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Converting to drip irrigation - how long to water?

Converting to drip irrigation - how long to water?

I'm almost done converting to drip irrigation.
Figured that I'll need it since my greenhouse is almost done. The green house measures 18ft long by 7ft wide by 8ft high. The long way is facing the south where the sun hits it the most to get the most heat. With the greenhouse, I figured that watering is going to be a headache for me. So I converted to drip irrigation.

I'm using 1/4inch dripline with holes spaced 6 inches apart on the line. I have all the drip line spaced in parallels 1 feet apart from each other. Each emitter hole on the line drips 1/2 gallon per hour.

Anyone know what is the optimum time duration and frequency to water? I estimate that I average about twentyfive
1/2 gph emitter holes per tree. So about 12.5 gallons per hour per tree.

I have sandy loam soil.

The following thread was started by Jonathan in San Francisco on February 22, 2008 at 4:36 am PST

Drip irrigation


I switched to drip three years ago, and it's been a total disaster for some plants. It simply doesn't work in my loamy soils. The water just finds micro-paths straight down and doesn't properly wet the soil. I ended up having so water longer, and therefore lost any savings on water quantity.

This year, I am switching my trees to micro-irrigation, the only way to go in loamy soil. That way I get greater surface coverage, which a lot of my tropicals need.

The drip has not been a problem at all with my deciduous crops, they seem to make deeper root systems.

So with sandy loam, you may want to rethink your strategy.

The above followup was added by Axel on February 22, 2008 at 9:11 am PST.

I am siding with Axel, I have a similar problem with my sandy silt soil

To add to that, I have hard pan generally down around 4 feet, but on the edges of my lot, 2 to 3 feet. Luckily it is not hard hard pan, and water does drain, but slower then the regular soil, but it does affect root penetration.

I was noticing the same thing with my soil as Axel, the water was pretty much just going down and not really spreading out and not really benefiting the top plus foot of the soil. If I water often enough, it does spread out, but that is only if the soil is still decently wet still.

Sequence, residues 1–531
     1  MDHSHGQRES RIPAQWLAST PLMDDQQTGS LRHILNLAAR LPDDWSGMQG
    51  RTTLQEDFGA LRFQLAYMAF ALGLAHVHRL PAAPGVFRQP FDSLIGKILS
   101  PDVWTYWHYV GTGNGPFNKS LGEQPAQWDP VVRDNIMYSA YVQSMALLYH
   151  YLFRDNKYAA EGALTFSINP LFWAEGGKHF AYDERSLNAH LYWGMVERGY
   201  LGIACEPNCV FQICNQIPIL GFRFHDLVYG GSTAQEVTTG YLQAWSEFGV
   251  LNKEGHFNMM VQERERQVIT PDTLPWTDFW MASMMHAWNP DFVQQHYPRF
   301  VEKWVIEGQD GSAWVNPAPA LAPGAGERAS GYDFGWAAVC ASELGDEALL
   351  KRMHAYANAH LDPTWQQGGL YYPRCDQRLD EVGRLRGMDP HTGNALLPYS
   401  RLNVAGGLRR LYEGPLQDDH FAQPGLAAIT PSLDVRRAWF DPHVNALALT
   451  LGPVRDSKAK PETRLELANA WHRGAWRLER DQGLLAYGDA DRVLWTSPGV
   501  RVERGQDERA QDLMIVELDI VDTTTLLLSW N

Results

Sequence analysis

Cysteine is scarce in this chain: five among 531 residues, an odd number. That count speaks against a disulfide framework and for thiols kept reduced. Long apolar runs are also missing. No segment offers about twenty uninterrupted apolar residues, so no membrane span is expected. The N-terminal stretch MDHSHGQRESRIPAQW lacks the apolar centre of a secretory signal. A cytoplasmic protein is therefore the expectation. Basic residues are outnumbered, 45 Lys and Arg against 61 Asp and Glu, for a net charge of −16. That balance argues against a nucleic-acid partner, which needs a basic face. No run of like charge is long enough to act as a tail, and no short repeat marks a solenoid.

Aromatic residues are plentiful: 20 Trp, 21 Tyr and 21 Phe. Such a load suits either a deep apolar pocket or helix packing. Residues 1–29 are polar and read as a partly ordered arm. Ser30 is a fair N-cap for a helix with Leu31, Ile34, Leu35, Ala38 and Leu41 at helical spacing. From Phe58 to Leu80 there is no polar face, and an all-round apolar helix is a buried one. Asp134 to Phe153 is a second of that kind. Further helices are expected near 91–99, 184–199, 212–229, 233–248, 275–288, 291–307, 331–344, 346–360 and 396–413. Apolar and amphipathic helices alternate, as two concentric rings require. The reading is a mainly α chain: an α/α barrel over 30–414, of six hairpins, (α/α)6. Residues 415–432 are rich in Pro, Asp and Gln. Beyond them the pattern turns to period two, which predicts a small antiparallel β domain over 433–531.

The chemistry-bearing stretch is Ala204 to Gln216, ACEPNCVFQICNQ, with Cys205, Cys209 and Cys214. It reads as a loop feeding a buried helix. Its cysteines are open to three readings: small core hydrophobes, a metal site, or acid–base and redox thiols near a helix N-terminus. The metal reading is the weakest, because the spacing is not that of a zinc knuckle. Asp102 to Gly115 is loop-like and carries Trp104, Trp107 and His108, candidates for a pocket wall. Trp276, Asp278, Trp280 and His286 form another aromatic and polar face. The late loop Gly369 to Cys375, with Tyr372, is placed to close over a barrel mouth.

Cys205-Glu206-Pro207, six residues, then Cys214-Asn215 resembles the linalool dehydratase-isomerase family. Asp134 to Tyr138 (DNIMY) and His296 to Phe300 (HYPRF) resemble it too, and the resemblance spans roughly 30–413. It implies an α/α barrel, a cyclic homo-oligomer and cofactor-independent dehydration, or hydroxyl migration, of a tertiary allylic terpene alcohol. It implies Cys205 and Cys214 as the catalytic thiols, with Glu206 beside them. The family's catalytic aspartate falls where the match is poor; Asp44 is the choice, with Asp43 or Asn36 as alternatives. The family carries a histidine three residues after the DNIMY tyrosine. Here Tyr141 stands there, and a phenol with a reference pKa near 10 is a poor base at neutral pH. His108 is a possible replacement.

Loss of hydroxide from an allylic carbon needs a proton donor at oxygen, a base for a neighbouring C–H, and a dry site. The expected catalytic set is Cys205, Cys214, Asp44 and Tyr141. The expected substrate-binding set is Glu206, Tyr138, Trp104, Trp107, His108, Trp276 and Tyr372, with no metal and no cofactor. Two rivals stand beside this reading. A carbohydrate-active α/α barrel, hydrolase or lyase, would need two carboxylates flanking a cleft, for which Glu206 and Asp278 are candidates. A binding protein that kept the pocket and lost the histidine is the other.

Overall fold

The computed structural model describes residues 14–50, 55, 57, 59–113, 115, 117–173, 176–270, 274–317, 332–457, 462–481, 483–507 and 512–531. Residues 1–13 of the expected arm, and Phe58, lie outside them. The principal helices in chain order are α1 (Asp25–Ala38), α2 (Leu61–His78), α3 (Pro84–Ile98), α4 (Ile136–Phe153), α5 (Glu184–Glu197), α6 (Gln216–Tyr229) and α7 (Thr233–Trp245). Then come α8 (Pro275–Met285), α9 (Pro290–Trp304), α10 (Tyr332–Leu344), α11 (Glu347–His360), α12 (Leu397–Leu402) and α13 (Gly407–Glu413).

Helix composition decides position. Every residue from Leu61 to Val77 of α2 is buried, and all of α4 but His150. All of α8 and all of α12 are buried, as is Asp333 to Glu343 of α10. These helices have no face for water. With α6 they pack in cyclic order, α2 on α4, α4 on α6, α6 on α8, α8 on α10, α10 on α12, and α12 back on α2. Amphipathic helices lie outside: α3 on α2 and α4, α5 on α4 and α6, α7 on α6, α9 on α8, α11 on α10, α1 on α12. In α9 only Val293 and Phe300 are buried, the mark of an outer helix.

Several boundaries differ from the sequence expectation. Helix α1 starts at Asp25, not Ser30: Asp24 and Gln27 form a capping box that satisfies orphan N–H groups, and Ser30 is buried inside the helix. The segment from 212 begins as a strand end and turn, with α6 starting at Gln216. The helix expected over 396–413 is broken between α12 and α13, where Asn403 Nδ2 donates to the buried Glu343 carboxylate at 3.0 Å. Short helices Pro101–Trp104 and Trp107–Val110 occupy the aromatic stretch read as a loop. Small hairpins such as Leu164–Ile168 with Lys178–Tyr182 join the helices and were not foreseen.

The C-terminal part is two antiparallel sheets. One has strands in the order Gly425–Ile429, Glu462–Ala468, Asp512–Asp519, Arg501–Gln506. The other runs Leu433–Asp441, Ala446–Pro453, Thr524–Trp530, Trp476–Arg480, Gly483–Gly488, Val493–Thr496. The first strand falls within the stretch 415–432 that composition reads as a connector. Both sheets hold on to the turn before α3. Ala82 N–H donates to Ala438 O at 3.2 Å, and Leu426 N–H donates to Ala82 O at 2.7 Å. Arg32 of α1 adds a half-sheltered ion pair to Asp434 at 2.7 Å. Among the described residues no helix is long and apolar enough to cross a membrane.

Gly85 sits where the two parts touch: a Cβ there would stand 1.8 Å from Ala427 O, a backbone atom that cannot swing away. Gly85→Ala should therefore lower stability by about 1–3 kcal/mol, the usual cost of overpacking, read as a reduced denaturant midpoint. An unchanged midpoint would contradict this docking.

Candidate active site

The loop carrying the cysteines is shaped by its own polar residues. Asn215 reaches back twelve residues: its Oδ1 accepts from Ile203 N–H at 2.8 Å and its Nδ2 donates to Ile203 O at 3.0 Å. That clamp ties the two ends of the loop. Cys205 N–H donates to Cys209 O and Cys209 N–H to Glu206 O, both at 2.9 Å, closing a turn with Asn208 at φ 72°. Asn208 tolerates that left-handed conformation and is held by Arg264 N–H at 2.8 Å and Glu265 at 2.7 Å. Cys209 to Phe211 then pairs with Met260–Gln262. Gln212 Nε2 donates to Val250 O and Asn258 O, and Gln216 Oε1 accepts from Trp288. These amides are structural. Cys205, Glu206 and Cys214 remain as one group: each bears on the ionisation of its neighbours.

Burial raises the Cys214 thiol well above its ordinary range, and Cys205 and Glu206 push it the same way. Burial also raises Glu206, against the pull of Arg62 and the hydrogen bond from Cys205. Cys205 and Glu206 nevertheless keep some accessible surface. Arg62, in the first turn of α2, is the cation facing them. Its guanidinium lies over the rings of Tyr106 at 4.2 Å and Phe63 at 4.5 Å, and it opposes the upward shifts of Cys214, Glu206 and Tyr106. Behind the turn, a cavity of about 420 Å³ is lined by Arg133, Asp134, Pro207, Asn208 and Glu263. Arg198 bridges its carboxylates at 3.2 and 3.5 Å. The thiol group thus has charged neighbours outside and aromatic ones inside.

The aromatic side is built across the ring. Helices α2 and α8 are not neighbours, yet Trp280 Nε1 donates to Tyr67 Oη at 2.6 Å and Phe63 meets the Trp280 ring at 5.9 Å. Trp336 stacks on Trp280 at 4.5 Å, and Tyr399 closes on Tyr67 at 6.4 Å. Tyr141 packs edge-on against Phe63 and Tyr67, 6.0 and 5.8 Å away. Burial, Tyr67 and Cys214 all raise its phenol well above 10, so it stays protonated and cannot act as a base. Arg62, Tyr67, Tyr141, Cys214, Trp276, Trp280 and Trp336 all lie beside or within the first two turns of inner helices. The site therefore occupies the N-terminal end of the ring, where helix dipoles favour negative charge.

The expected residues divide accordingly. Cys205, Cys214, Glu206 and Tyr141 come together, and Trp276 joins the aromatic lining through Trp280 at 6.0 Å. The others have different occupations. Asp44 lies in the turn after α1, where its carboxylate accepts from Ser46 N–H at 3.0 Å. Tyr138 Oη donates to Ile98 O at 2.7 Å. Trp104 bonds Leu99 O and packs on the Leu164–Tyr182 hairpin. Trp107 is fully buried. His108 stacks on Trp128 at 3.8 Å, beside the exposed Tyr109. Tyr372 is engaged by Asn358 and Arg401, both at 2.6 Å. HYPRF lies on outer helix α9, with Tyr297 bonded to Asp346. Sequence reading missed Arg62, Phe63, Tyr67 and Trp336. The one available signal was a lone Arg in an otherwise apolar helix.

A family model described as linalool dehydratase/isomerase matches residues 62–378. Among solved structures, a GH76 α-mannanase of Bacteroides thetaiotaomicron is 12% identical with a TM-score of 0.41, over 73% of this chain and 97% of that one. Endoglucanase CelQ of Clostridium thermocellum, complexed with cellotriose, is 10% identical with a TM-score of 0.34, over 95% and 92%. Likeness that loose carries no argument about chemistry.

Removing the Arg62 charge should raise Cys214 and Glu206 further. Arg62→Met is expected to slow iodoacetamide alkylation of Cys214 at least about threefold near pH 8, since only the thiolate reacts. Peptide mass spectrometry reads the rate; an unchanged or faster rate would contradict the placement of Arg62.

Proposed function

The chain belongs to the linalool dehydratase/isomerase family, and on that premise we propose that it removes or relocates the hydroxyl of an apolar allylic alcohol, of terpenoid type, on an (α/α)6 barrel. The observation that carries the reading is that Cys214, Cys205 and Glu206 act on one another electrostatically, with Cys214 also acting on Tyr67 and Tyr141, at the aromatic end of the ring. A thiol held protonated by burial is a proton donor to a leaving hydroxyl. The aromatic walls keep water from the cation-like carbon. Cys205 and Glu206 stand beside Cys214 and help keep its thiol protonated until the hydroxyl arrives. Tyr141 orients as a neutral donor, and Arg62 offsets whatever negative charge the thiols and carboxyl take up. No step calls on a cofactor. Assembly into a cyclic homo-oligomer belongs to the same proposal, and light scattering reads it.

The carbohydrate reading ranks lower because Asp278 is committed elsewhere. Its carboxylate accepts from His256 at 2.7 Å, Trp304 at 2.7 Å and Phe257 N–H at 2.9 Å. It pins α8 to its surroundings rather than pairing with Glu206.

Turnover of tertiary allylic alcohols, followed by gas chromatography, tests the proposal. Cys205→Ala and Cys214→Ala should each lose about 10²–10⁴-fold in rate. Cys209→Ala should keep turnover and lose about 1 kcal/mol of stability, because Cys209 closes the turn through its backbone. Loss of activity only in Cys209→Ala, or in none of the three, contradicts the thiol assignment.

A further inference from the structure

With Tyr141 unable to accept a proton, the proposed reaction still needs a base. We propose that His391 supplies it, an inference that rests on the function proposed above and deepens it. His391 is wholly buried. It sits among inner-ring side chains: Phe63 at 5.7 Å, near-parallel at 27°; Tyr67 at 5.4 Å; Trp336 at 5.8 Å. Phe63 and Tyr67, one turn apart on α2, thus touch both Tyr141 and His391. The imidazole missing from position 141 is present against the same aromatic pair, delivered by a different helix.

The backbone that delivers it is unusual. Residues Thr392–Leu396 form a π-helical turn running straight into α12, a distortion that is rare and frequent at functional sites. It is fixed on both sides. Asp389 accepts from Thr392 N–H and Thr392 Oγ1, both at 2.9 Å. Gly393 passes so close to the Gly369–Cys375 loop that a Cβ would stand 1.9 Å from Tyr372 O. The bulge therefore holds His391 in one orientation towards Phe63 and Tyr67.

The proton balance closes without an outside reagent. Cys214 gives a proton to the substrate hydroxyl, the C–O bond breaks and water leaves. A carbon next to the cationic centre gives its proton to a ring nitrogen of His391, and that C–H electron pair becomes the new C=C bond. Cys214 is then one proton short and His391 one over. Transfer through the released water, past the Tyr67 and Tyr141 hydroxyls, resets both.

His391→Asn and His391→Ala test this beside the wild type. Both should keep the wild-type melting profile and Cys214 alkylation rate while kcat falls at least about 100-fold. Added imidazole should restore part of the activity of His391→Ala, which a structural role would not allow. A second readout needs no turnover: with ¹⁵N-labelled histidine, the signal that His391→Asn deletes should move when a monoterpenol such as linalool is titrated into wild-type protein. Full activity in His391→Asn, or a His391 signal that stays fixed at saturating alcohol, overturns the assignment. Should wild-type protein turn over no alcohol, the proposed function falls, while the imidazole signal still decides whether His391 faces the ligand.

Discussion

For an example, some of my more heat sensitive bananas would stop growing when it got near to 100F. I figured that was just the way they were and I would just have to live with it. But after I put in a low emitter spray system to water better, I discovered the problem went away. The low volume 9 gph full circle mini sprayers started soaking up the surface, and not the the sub soil. To back up a bit, that was the reason I tried it, I was getting soggy subsoil with the sandy silty soil; you could dig down 18 inches and squeeze water out of the gummy wet soil, when the surface soil was fairly dry.

Not only did my heat senstive bananas now love and grow in the 100F temps, all of them greatly improved in growth in a season. The soil did improve too over time and that helped the bananas too, but I now get almost twice the growth from my banana trees in a season, then before the low volume sprayers.

It is not hard to switch over from drippers to low volume sprayers, the system is same in most cases the only difference are the application devices, the filters and hoses and pressure regulators are the same. The only change might be, larger hoses if you have a very large area to cover, but zoning and controls can take care of that.

I do know, if you keep your greenhouse somewhat humid, you will need much less water then you think on our plants. My temporary greenhouse has some potted plants like mango's, Dragon Fruits , and guavas in 5 gallon pots, plus some 1 gallon avocados which I just never got to moving out last year. This time of year it gets to 110 plus on a sunny day, and I have only watered them twice in the last few months.

In the summer I am sure it will change, just as it does for outside plants.


The above followup was added by DavidLJ48, Waterford CA, zone14 on February 22, 2008 at 9:59 am PST.

My thoughts and observations

Axel, this is the first time I've heard anyone say that drip irrigation did not work on loam soils. A loam soil will have approximately equal amounts of sand, clay, and silt particles and permiability and water holding capacity are characteristics that are ideal with loam soils. Drip irrigation is usually considered ideal for loam soils. In my university irrigation engineering class I remember seeing the wetting profiles of different soils and sandy soils can definitely be a challenge but drip can still be effectively used if adjustments are made. In some windy areas drip irrigation is still used on commercial orchards with sandy soils but more emitters are used and shorter durations. Even though I have moderate winds in my chestnut orchard much of the time, I still get by with micro-sprinklers which is what I assume you're talking about with the use of micro irrigation (drip irrigation is also a form of the broad term of micro irrigation). My choice to use micro sprinklers, though, was based on the large area I wanted to wet since chestnut trees can get quite large. Since I have to mow my orchard, especially during harvest, having drip lines around in large circles would not work although underground drippers could be an option. Also, some growers use one line on each side of the tree and pull the lines in close to the tree row during harvest which I could do also. I have actually considered switching from micro-sprinklers to drip for three reasons: (1) less wind drift which can get my tree trunks wet and potentially lead to fungal disease problems, (2) less weed growth and (3) not getting chestnuts wet which drop in-between the daily harvest which usually lasts for three weeks.